Blog reader and fellow blogger Kid is a big Dalek fan. He has kindly given me permission to repost this article, which he wrote on his own cool blog Crivens! back in 2012.
If I remember my DOCTOR WHO history correctly, a DALEK's 'plunger' appeared on the programme on December 21st, 1963, but it wasn't until the following week (28th) that the pepper-pot perpetrators of planetary pulverisation appeared in their full glory and subsequently took the kiddie-contingent of the country by storm.
MARX TOYS were amongst the first to jump on the merchandising bandwagon that followed, with an assortment of friction-drive, ball-bearing and battery-powered bump 'n' go plastic playthings in varying sizes and colours. (Silver and black initially, with red and yellow ones a few years later.)
Although the demand for these toys was huge, it has to be admitted in the cold light of adulthood that they weren't entirely accurate in terms of detail. True, they captured the essence of the aggressive aliens perfectly and were even used as stand-ins in the programme itself, but could hardly be considered as exact reproductions of their TV counterparts. (Although Marx were not the only manufacturers of Dalek merchandise whose product differed from their cathode ray tube incarnations.)
At least, that's the generally-held view of collectors of these popular 'metal' mutants. However, a few years back, in the pages of DOCTOR WHO MAGAZINE, I spied an early production sketch by designer RAY CUSICK, which suggested a possible means of propelling the Scions of SKARO around the BBC studios.
Take a good look at the drawing below - doesn't it seem remarkably similar to the Marx Dalek to you? Look at the shape of the head - it's almost a dead-ringer for the Marx version. (It's also got the same lights as the movie version - a couple of years before the big-screen adventure had even been thought of.)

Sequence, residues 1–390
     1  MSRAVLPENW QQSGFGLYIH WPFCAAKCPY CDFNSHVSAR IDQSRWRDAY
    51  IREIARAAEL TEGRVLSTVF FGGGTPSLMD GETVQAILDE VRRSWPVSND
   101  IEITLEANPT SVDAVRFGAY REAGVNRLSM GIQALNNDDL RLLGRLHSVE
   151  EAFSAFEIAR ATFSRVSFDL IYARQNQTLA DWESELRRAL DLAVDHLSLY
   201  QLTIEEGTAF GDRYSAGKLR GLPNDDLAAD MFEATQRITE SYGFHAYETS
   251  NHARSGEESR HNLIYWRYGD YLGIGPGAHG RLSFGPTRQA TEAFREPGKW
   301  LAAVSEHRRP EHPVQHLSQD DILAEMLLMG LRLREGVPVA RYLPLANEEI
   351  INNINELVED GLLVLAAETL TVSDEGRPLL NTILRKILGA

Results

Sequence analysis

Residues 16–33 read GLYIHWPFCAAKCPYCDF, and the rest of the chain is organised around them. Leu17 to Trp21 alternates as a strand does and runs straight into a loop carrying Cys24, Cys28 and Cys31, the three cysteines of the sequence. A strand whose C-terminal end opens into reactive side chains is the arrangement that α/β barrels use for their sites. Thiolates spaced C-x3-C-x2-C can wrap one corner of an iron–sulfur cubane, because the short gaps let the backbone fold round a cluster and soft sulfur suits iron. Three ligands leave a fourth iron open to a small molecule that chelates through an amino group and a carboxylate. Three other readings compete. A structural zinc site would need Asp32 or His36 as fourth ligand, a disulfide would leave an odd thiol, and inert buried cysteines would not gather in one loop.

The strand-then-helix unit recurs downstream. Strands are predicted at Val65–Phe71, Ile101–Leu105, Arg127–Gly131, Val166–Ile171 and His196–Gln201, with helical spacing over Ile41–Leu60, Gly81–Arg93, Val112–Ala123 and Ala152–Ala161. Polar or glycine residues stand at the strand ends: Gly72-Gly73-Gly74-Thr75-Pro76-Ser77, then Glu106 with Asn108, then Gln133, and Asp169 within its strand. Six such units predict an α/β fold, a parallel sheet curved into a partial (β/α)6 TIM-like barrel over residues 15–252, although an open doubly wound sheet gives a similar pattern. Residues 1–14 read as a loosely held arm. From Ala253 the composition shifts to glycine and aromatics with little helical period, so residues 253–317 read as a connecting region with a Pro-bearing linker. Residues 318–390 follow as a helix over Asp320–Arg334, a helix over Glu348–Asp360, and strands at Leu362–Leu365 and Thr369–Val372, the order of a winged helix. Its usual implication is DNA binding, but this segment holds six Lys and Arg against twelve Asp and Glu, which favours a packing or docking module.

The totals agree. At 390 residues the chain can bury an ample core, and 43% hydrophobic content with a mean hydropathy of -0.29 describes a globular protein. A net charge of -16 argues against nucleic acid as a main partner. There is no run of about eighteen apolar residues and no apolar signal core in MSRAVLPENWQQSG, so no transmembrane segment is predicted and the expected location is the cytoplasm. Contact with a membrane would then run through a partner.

So, to all those inclined to write off the Marx Dalek as an inaccurate representation of the Doctor's arch-enemies, perhaps it's now time to re- evaluate that assessment. The fact that it bears quite a resemblance to an approved (in appearance, if not in propulsion) production sketch by the actual designer means we can safely regard the most sought-after toy of Christmas '64 as an 'official', if variant, member of the Dalek ranks.
Obviously, as has been seen down through the years, Daleks come in various versions, and each one is as valid as another. I can't help but wonder, 'though, if these tin-pot tyrants would have been as successful if either of the following two designs had been approved by those in charge. Perhaps the whole future of the programme would have been different - if, indeed, it would even have had one.
So, go on - dig out your Marx Dalek today (if you're lucky enough to own one) and give him pride of place once more on your shelf or sideboard. No longer need he play second-fiddle to his later brothers and cousins. No hiding him behind the rest of them, mind - stick him up-front where he rightfully belongs.